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Drive the Scenic Route from Balingup to Nannup

Rolling green hills, grazing lambs, trickling brooks – no, you haven’t time-warped to the English countryside. You’ll see all this and more along the scenic route that winds from Balingup to Nannup.

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      Description

      The Three roads that join the towns of Balingup, Nannup and Bridgetown carry the nickname, ‘The Golden Triangle’. These are three of the most scenic roads in the South-West and driving the full loop will take around an hour and a half depending on weather and traffic. There are also many great places to visit along this drive, with most opening from around 10am to 4pm on weekends.

      The leg between Balingup and Nannup is the only official scenic drive of the triangle and is arguably the South-West’s most scenic. The route is 45 kilometres long and will take you around 30 minutes to drive without stopping. If you choose to take your time and pop into some local businesses along the way, there are many along this drive.

      To get to this road, you turn on to Brockman Road from Balingup’s main street and almost immediately you’ll come across the  Old Cheese Factory. Only a kilometre or so from the centre of Balingup, you can’t miss it – the huge toadstool fountain to the side of the factory is a dead giveaway. Despite its name, the Old Cheese Factory doesn’t make any cheese at all – it’s actually an art and craft gallery, antiques shop and cafe. With more than 500 local artists and craft suppliers, it has the largest display of arts, crafts and antiques in the South-West. While there’s sure to be something here for everyone, you’ll need to give yourself a decent amount of time to peruse the rooms, which are literally overflowing with goodies.

      While you’re at the Old Cheese Factory, take a walk over the stone bridge to Birdwood Park Fruit Winery. Contrary to popular belief, not all fruit wines are sickly sweet, as proven by Birdwood’s delicious pear wine and other award-winning varieties. You’re unlikely to find such a good selection of fruit wines in the metro area, so take advantage of it while you’re there. Birdwood is open for tasting every day.

      Just around the corner from there is the Balingup Lavender Farm, which reopens from September 4. The farm sells many lavender products in the gift shop, including pure lavender oil, and all are made from lavender grown on the property. The Lavender Farm also has one of the most spectacular views in the area, overlooking a valley of rolling hills, fruit trees, pine plantations and natural bush.

      Continuing south along the road from the Lavender Farm, you’ll drive past rolling hills, homesteads, orchards and farms and through spectacular bushland, passing drop offs and valleys along the way. Following the winter months, this area is lush, green and spattered with cows and sheep grazing with their young.

      When you cross the Blackwood River at Wright’s Bridge, you’ll pass an excellent camping ground on your right. This ground attracts many visitors throughout the year and is regularly visited by CALM officers who maintain the campsite. While this area becomes more popular as the weather warms up, you should find a beautiful riverside spot over the coming months.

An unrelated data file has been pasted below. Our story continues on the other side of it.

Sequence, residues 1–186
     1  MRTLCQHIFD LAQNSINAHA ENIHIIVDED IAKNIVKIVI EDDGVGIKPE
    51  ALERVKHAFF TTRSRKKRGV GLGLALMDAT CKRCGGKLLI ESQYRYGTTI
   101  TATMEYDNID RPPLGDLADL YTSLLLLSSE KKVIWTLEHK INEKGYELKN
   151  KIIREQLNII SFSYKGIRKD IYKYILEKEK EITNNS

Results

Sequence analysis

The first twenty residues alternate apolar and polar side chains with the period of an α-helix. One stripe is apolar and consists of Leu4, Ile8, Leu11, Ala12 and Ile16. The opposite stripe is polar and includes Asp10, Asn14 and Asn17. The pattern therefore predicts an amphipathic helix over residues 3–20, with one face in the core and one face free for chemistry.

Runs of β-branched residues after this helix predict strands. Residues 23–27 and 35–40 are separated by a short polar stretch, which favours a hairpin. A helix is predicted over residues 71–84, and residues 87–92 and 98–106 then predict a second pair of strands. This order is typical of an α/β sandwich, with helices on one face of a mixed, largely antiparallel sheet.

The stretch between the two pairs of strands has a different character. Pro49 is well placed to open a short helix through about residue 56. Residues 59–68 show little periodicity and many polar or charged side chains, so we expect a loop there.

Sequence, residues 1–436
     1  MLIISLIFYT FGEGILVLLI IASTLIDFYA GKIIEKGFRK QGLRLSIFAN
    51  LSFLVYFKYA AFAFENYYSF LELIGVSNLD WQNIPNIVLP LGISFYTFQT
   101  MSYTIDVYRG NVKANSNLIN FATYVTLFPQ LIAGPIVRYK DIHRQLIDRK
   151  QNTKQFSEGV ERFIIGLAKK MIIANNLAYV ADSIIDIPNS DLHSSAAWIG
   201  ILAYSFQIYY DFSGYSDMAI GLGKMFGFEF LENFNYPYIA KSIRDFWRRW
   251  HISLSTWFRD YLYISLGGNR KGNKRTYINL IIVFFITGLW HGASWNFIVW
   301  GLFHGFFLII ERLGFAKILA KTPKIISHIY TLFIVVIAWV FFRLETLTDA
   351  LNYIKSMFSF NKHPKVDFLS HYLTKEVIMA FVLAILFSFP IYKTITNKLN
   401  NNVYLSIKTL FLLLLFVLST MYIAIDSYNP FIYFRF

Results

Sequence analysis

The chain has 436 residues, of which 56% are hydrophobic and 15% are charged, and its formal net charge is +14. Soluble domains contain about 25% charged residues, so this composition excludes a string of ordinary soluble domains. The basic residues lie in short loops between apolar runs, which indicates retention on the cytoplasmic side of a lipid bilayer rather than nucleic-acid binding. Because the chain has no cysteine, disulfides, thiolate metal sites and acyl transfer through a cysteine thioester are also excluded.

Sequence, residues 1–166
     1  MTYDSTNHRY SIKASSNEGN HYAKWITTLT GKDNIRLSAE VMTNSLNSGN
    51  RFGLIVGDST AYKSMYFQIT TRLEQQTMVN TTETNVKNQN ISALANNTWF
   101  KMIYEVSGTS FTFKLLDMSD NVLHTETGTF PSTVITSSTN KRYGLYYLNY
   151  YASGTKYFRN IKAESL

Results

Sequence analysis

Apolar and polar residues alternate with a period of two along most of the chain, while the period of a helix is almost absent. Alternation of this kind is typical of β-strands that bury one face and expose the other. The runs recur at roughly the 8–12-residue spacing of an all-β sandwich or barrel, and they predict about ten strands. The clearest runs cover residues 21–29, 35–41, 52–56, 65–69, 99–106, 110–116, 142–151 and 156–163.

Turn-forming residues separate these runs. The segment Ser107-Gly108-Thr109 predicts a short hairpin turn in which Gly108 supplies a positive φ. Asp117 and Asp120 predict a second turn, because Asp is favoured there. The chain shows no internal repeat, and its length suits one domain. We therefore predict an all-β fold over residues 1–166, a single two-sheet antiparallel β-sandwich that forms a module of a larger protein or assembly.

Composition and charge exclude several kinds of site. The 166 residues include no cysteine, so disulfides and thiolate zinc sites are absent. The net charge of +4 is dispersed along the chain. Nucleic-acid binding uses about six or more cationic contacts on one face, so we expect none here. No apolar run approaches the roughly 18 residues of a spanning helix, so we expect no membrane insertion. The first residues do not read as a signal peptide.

If you continue south past the camping ground through the pine plantations, you’ll soon come to Heritage Country Cheese, which really does sell cheese! You can stop and have a tasting at the factory, which is more of a big shed surrounded by beautiful gardens and nearby accommodation, Lewana Cottages. The factory sells fetta, cheddar, Edam and Gouda, and all are available for tasting, seven days a week. Heritage Country Cheese is supplying many local supermarkets in Perth so if you like what you taste, or simply can’t wait until you get to Balingup, keep an eye out for it in your local gourmet section.

      Further around the bend from Heritage Country Cheese, the new Blackwood Valley Estate winery is open for tastings on weekends and during school holidays. Blackwood Valley Estate produces a range of wines and olive oils called Hillbille. The vines here produce fruit that’s then sold to wineries such as Goundrey, Plantagenet, Vasse Felix and Evans and Tate. And for the first time, Blackwood Valley Estate has a range of its own 2003 blends. Look out for the bright red flags as you’re driving.

      Another 2km down the road (closer to Nannup than Balingup) is the delightful Tathra Hilltop Retreat and Winery. This is a great place to stop for a round of plunger coffee and fresh scones with jam and cream. The gardens at Tathra are filled with old fruit trees and many well-fed finches and wrens that aren’t afraid to help themselves to any unwanted jam. At Tathra they make their own condiments and wine and also have accommodation available.

      There’s only 19km left of the scenic drive once you leave Tathra and while there aren’t many other stops, you’ll be treated to more spectacular valley views, rolling hills, farm animals and untouched bushland. To discover this well-kept secret, pick up a road map before heading off from the Balingup Tourist Centre at the northern end of town.

      Location

      • Address: Balingup to Nannup,Balingup,WA,
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